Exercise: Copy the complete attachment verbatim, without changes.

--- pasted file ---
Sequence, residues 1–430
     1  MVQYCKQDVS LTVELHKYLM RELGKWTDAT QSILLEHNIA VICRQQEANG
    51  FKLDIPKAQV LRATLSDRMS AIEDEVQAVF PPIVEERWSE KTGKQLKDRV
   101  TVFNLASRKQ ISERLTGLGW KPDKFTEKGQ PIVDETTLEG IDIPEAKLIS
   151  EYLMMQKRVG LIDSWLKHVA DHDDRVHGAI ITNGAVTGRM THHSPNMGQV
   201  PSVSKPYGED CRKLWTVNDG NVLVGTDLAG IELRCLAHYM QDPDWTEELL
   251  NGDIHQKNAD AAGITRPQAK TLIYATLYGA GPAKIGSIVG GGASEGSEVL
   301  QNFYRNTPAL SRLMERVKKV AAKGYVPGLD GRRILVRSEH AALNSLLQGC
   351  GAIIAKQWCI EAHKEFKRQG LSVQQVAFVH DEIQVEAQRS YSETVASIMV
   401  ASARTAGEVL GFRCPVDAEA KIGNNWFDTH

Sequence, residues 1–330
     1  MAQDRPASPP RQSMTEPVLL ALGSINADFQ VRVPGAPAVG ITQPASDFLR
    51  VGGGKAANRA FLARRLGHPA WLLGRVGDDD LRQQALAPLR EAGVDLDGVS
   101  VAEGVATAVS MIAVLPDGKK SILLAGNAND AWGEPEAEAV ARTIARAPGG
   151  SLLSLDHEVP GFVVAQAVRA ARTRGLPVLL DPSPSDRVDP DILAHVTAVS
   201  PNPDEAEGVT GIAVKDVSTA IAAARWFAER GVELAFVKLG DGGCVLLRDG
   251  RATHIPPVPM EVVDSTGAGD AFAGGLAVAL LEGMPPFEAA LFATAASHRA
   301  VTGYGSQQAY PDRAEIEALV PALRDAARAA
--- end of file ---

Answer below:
Sequence, residues 1–430
     1  MVQYCKQDVS LTVELHKYLM RELGKWTDAT QSILLEHNIA VICRQQEANG
    51  FKLDIPKAQV LRATLSDRMS AIEDEVQAVF PPIVEERWSE KTGKQLKDRV
   101  TVFNLASRKQ ISERLTGLGW KPDKFTEKGQ PIVDETTLEG IDIPEAKLIS
   151  EYLMMQKRVG LIDSWLKHVA DHDDRVHGAI ITNGAVTGRM THHSPNMGQV
   201  PSVSKPYGED CRKLWTVNDG NVLVGTDLAG IELRCLAHYM QDPDWTEELL
   251  NGDIHQKNAD AAGITRPQAK TLIYATLYGA GPAKIGSIVG GGASEGSEVL
   301  QNFYRNTPAL SRLMERVKKV AAKGYVPGLD GRRILVRSEH AALNSLLQGC
   351  GAIIAKQWCI EAHKEFKRQG LSVQQVAFVH DEIQVEAQRS YSETVASIMV
   401  ASARTAGEVL GFRCPVDAEA KIGNNWFDTH

Sequence, residues 1–330
     1  MAQDRPASPP RQSMTEPVLL ALGSINADFQ VRVPGAPAVG ITQPASDFLR
    51  VGGGKAANRA FLARRLGHPA WLLGRVGDDD LRQQALAPLR EAGVDLDGVS
   101  VAEGVATAVS MIAVLPDGKK SILLAGNAND AWGEPEAEAV ARTIARAPGG
   151  SLLSLDHEVP GFVVAQAVRA ARTRGLPVLL DPSPSDRVDP DILAHVTAVS
   201  PNPDEAEGVT GIAVKDVSTA IAAARWFAER GVELAFVKLG DGGCVLLRDG
   251  RATHIPPVPM EVVDSTGAGD AFAGGLAVAL LEGMPPFEAA LFATAASHRA
   301  VTGYGSQQAY PDRAEIEALV PALRDAARAA